Wednesday, 12 May 2010

Only 14% of US TV viewers change channel during the commercial break

"TV advertising and program promotions reach 85% of adults daily; viewers typically see 26 advertising or promotional breaks daily, at an average length of 2 minutes and 46 seconds per break;
The frequency of channel-changing and /or changing rooms is very similar in the few minutes before a commercial break, during the commercial break and in the few minutes after the commercial break:
According to the study, 11% of viewers change channels during the four minutes of TV programming before the commercial break; only 14% change channels during commercials; and 13% change channels in the four-minute period after programming returns. In other words, 86% of viewers remain with live TV during commercials -- a finding consistent with previously disclosed Nielsen data;
A similar pattern emerges with room changes: 19% change rooms in the four minutes before a commercial break; 20% during; and 21% in the four minutes after programming returns.
Similarly, viewers do not increase or adjust their “multi-tasking” habits during commercial breaks:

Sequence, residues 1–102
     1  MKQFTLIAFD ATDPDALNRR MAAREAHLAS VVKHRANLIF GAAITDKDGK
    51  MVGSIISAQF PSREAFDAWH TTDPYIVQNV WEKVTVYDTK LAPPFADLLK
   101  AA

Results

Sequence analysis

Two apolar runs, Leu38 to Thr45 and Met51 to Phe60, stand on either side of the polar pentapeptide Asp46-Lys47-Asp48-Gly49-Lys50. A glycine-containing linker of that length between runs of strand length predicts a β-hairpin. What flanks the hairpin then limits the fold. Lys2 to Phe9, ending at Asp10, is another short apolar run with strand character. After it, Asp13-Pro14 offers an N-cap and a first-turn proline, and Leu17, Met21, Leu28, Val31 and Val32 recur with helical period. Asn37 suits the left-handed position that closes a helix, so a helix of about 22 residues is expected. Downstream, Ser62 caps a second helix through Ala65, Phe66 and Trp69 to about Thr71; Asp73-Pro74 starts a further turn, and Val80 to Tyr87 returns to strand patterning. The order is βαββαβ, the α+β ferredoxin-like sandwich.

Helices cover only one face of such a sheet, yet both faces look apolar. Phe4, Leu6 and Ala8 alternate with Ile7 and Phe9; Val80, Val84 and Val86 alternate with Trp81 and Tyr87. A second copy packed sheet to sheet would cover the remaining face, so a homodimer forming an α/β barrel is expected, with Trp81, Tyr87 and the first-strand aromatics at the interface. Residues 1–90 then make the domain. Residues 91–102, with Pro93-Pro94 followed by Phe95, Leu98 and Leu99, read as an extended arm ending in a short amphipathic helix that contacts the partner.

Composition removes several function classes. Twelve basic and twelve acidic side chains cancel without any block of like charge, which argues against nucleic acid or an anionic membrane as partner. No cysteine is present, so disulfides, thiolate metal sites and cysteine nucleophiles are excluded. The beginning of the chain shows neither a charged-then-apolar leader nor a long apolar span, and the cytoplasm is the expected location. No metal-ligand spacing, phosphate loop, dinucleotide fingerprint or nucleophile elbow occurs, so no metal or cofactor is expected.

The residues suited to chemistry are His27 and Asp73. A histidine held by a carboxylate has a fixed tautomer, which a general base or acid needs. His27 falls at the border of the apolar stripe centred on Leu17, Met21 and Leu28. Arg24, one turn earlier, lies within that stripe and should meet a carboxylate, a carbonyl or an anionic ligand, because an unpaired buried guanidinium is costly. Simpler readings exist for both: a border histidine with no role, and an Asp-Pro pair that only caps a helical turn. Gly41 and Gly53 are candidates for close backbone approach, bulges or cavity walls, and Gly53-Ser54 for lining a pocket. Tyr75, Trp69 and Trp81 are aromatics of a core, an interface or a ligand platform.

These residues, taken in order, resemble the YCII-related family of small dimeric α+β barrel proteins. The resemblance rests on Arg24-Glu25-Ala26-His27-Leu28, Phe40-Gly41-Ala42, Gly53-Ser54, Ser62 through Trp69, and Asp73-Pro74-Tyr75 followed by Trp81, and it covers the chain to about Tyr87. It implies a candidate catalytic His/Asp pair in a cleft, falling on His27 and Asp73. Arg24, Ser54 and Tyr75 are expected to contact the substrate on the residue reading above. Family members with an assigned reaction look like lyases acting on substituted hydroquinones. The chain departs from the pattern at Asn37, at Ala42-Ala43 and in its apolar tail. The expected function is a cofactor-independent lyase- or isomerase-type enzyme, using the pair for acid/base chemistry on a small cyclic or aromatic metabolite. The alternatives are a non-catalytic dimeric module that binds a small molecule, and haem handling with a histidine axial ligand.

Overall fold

Fully 55% of viewers were found to be engaged solely with media – led largely by live TV viewing – during the two minutes of TV programming prior to commercial breaks, with the number actually growing to 56% following onset of a commercial;
Multi-tasking was found to accompany about 45% of all media use. Concurrent activities are led by “care of another,” at 12% in the two minutes prior to and during commercial breaks; and “meal preparation,” at 8% in both cases. Some of these activities do not necessarily preclude simultaneous attention being paid to media."
Source: The Video Consumer Mapping (VCM) study sponsored by the Council for Research Excellence (CRE), reported in a press release from CRE, 10th May 2010
Methodology: "The VCM study, conducted throughout 2008 by researchers from Ball State University and Sequent Partners, was a groundbreaking event in video-audience research. The $3.5 million project was the first ever to involve the in-person, computer-assisted observation of the media consumption habits of 376 adults. All told, the VCM study -- the largest and most extensive observational study of media usage ever conducted -- generated data covering more than three-quarters of a million minutes or a total of 752 observed days."

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